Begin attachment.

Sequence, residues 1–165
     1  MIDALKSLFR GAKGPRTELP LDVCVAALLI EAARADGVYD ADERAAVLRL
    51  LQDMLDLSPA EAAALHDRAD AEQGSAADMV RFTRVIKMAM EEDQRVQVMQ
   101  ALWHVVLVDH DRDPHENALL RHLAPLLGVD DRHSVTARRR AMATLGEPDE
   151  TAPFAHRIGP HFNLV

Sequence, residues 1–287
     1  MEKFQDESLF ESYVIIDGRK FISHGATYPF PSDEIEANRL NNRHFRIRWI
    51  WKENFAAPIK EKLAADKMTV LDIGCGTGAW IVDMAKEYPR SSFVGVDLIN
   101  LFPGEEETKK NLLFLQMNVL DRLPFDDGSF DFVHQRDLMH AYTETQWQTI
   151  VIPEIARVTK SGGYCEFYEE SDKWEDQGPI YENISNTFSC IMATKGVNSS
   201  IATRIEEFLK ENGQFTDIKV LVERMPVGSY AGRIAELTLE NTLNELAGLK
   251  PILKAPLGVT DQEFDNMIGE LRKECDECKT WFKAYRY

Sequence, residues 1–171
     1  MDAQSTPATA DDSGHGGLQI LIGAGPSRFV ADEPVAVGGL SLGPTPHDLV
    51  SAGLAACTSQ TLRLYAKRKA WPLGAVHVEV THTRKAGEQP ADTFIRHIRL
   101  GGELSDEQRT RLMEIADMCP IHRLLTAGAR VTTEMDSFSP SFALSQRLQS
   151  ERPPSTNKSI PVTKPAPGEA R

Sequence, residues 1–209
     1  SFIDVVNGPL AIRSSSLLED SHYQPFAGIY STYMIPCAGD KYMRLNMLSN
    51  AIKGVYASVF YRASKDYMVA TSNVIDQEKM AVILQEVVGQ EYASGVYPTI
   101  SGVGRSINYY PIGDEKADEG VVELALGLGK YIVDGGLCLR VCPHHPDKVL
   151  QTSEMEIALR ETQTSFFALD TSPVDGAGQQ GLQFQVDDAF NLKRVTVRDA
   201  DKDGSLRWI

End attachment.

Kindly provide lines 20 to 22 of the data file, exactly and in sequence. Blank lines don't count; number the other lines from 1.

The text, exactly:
    51  AIKGVYASVF YRASKDYMVA TSNVIDQEKM AVILQEVVGQ EYASGVYPTI
   101  SGVGRSINYY PIGDEKADEG VVELALGLGK YIVDGGLCLR VCPHHPDKVL
   151  QTSEMEIALR ETQTSFFALD TSPVDGAGQQ GLQFQVDDAF NLKRVTVRDA